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Any system is generally a delimitable whole that consists of various parts that are somehow networked with one another in an orderly manner; Specifically, there are a number of different systems with their own characteristics

A system (from ancient Greek sýstēma, “a whole made up of several individual parts”) is generally referred to as a delimitable, natural or artificial “structure” that consists of various components that are (can) be viewed as a common whole due to certain ordered relationships .

There is no standard definition of the term , as the meaning assignment varies greatly depending on the subject. Accordingly, the preceding sentence is also an abstraction in the sense of a greatest common denominator . The following details of the individual parameters are possible:

Specific uses of the term are proposed, discussed and applied in various specialist areas.

If there is no relationship between the parts of a whole, it is not a question of a system, but of mere quantities , heaps or mixtures of substances ; even if the constructed arrangement of the parts is subject to a certain system and is referred to as a "system" (examples: biological system , periodic table of elements).

History of concepts and ideas


The Greek expressions σύστημα, σύσταμα, σύστεμα were used as "a generic term for all associations, including the public sector".

In addition, σύστημα is used

  • in the field of medicine, e.g. B. for a "system" of pulse beats
  • in the field of music theory, e.g. B. for a "system" of intervals
  • in the field of literary theory, e.g. B. in the meaning of a "composition"

Plato draws on the use of music theory in his late dialogue Philebos . He speaks of the many "connections" that arise from the "spaces" of the tones and of "similar relationships" in the movements of the body, which can also be measured in numbers; at the same time one must consider what is “one and many” therein; through this kind of consideration one arrives at “insight”, which however, because of the infinity of every concept and thing, can never be closed.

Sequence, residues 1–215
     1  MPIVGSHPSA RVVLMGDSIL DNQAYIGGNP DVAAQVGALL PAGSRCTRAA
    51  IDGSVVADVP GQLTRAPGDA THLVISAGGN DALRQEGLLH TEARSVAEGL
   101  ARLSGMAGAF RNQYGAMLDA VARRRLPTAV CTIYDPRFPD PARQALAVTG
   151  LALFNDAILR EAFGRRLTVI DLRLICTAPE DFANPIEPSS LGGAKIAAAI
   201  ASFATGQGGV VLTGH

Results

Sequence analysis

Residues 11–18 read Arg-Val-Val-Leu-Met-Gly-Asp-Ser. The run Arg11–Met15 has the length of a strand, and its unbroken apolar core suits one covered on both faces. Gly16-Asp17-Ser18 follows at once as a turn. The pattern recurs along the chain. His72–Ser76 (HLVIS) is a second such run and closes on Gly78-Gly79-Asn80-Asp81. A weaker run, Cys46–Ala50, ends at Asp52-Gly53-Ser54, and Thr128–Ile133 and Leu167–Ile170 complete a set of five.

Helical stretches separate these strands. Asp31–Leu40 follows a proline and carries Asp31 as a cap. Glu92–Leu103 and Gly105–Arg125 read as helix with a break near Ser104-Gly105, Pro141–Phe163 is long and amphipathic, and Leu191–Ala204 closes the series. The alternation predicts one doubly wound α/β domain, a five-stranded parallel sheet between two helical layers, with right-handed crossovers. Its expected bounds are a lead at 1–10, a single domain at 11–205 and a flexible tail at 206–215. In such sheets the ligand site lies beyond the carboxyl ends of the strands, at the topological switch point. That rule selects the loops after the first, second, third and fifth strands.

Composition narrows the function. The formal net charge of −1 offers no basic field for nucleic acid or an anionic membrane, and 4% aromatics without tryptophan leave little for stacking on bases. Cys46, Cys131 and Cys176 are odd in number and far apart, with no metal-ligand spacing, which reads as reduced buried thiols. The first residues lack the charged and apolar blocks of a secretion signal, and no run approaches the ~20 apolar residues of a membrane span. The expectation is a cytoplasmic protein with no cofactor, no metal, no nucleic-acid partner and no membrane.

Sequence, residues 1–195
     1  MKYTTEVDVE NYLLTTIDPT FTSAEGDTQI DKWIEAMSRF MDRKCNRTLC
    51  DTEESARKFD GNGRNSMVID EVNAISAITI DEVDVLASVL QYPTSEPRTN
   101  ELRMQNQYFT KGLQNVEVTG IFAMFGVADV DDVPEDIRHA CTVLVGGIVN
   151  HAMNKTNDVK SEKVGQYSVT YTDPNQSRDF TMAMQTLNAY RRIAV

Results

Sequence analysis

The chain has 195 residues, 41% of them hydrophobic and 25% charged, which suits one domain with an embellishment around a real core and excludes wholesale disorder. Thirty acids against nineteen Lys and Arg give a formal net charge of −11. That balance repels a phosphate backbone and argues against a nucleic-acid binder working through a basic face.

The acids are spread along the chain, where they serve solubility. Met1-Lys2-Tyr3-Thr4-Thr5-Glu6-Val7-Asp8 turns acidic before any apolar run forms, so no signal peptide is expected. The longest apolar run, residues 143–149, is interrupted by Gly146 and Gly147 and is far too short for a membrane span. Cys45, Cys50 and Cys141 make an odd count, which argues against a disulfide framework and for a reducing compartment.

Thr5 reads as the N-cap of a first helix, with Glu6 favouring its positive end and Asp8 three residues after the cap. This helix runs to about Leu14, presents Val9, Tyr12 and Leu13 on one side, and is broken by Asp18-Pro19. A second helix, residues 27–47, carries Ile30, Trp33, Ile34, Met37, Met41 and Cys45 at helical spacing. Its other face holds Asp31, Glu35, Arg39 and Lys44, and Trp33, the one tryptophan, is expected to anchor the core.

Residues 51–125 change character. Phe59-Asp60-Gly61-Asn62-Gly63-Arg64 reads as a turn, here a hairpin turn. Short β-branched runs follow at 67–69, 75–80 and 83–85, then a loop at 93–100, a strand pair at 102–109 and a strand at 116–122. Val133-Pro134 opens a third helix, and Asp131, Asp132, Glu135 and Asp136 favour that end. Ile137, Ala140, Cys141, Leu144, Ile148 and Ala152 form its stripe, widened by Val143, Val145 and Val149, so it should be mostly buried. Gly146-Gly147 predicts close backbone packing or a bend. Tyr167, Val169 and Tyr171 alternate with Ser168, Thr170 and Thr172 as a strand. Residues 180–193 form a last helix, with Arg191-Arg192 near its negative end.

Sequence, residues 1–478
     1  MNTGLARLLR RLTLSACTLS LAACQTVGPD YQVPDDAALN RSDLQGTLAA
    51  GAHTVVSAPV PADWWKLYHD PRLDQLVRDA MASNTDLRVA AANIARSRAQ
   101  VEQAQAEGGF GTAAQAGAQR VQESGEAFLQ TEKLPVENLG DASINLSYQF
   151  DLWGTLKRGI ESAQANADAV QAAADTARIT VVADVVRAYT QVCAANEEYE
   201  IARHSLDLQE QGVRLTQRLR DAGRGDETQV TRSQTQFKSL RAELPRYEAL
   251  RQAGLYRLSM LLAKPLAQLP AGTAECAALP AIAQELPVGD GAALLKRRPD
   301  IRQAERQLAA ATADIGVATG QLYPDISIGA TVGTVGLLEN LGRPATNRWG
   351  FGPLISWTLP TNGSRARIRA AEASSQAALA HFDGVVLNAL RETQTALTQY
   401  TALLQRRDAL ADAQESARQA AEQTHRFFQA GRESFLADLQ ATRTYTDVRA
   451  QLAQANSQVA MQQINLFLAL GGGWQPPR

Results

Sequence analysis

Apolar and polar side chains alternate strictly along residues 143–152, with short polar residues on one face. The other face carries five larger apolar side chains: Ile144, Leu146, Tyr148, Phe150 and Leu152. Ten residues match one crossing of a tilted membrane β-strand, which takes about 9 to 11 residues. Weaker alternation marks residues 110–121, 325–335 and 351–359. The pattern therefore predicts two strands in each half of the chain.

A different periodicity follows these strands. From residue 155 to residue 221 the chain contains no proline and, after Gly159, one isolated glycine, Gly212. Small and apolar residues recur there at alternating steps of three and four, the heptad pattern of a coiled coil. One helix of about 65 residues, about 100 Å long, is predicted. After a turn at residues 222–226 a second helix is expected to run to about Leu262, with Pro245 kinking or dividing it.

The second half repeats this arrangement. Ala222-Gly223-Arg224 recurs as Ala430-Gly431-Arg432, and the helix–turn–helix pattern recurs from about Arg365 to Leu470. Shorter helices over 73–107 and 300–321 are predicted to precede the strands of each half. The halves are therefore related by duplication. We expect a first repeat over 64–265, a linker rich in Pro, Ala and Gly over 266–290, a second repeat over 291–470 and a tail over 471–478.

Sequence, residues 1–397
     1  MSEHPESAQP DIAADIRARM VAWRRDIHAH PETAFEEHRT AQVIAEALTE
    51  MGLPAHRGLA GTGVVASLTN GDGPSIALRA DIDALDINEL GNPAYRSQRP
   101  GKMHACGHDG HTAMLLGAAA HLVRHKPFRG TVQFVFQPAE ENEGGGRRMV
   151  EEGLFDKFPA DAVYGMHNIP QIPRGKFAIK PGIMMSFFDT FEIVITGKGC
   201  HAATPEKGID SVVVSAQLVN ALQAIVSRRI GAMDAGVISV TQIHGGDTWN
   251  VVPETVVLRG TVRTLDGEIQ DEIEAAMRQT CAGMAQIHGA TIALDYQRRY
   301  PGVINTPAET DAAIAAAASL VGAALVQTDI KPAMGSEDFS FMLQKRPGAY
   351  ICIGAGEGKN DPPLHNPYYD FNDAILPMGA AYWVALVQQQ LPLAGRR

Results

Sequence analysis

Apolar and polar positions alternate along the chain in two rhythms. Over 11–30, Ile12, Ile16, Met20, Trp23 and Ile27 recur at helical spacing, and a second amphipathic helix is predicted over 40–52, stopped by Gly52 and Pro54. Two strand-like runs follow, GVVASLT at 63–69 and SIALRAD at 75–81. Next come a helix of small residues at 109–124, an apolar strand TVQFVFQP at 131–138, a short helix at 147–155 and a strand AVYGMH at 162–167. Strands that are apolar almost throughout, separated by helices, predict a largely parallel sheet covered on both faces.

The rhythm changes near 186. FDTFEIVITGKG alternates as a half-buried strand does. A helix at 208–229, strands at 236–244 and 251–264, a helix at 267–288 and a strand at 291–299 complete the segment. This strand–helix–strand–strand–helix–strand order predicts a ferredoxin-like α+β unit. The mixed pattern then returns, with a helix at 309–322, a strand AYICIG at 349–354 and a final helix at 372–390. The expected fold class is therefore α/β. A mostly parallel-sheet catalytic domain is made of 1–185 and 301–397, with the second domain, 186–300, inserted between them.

The pseudo-Platonic dialogue Epinomis relates the term "σύστημα" to the numbers with which the laws of the star orbits can be grasped.

Modern times

The term system has been used in various contexts since the 16th century. B. related to the sphere of politics first by Thomas Hobbes in the sense of a political entity .

System concept of systems theory

As a systems theory research directions are referred to various disciplines in summary, the complex relationships described by general theories to the functioning of systems in general. Around 1950, Ludwig von Bertalanffy (1901–1972) was the first to define systems as interrelationships that distinguish themselves from their environment, which in turn consists of other interrelationships. According to the basic ideas widespread in this context, systems can be understood as self-organizing functional units that produce their continued functioning themselves (cf. autopoiesis ) and differentiate themselves in a specific way from their environment, for example by expressing specific ways of differentiation. An example: Seafarers set certain animals out on an island in order to be able to hunt them there later. As a result, the system of animals and plants that had existed on the island up until then gets “mixed up”; a new system is created. Sometimes endemics arise (= plants or animals that only occur in a specific, spatially clearly delimited environment). In disciplines that deal with living organisms , systemic psychology and biology as well as sociology, living systems are distinguished from other types of system.

System term in structural linguistics

Structural linguistics (see  Structuralism ) is based on the notion that individual linguistic elements are not based on their own meaning, but rather on their relationships to other elements - their entirety being described as a system with this general property, among other things.